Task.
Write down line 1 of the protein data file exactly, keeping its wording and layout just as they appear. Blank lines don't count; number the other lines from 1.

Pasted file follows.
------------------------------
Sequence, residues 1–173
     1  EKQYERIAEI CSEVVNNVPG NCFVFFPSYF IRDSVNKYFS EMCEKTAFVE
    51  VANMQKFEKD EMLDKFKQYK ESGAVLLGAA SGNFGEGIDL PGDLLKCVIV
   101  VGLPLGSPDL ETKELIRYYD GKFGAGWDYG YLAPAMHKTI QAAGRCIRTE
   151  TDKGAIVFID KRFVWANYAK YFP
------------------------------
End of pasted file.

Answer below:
Sequence, residues 1–173